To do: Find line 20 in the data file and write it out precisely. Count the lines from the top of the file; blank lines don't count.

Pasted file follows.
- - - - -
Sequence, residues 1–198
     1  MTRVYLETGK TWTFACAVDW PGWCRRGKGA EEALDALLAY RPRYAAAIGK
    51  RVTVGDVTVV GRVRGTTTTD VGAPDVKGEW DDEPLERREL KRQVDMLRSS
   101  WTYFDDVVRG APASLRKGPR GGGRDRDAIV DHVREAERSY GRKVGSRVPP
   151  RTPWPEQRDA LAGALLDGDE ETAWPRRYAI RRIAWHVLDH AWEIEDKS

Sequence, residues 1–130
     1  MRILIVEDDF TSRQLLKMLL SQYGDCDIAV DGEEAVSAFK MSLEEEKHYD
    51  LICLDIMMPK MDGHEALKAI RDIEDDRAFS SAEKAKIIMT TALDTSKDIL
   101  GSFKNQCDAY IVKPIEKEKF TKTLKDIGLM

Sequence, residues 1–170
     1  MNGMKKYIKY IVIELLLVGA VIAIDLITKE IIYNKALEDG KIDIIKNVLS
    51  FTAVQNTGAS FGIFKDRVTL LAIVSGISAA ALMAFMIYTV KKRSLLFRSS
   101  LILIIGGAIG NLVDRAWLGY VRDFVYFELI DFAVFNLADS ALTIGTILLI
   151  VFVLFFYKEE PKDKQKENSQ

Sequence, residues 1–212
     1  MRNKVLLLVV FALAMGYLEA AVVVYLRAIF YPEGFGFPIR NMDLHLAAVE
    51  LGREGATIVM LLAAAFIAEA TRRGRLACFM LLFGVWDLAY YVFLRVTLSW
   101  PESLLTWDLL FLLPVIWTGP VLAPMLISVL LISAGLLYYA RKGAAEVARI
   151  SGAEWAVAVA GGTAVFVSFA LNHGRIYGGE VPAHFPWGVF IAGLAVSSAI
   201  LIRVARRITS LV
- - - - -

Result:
   201  LIRVARRITS LV